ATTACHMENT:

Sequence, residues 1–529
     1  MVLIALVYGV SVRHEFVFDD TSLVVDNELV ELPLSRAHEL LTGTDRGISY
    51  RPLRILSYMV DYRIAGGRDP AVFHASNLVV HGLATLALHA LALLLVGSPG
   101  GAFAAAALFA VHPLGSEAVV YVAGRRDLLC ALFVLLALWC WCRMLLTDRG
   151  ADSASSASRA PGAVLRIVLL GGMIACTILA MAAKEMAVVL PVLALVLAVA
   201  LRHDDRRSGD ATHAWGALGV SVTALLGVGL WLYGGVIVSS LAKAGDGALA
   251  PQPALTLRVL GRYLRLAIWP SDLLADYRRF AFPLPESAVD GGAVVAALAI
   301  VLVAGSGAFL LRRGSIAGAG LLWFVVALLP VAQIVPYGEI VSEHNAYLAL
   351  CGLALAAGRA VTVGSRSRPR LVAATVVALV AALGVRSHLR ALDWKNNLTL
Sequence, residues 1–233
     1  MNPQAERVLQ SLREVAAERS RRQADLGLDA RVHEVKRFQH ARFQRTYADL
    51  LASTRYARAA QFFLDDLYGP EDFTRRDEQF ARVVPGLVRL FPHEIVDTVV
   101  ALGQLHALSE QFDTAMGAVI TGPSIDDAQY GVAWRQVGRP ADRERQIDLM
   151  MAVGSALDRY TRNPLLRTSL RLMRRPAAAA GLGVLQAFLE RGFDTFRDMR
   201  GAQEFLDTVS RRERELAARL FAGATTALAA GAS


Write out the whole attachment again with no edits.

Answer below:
Sequence, residues 1–529
     1  MVLIALVYGV SVRHEFVFDD TSLVVDNELV ELPLSRAHEL LTGTDRGISY
    51  RPLRILSYMV DYRIAGGRDP AVFHASNLVV HGLATLALHA LALLLVGSPG
   101  GAFAAAALFA VHPLGSEAVV YVAGRRDLLC ALFVLLALWC WCRMLLTDRG
   151  ADSASSASRA PGAVLRIVLL GGMIACTILA MAAKEMAVVL PVLALVLAVA
   201  LRHDDRRSGD ATHAWGALGV SVTALLGVGL WLYGGVIVSS LAKAGDGALA
   251  PQPALTLRVL GRYLRLAIWP SDLLADYRRF AFPLPESAVD GGAVVAALAI
   301  VLVAGSGAFL LRRGSIAGAG LLWFVVALLP VAQIVPYGEI VSEHNAYLAL
   351  CGLALAAGRA VTVGSRSRPR LVAATVVALV AALGVRSHLR ALDWKNNLTL
Sequence, residues 1–233
     1  MNPQAERVLQ SLREVAAERS RRQADLGLDA RVHEVKRFQH ARFQRTYADL
    51  LASTRYARAA QFFLDDLYGP EDFTRRDEQF ARVVPGLVRL FPHEIVDTVV
   101  ALGQLHALSE QFDTAMGAVI TGPSIDDAQY GVAWRQVGRP ADRERQIDLM
   151  MAVGSALDRY TRNPLLRTSL RLMRRPAAAA GLGVLQAFLE RGFDTFRDMR
   201  GAQEFLDTVS RRERELAARL FAGATTALAA GAS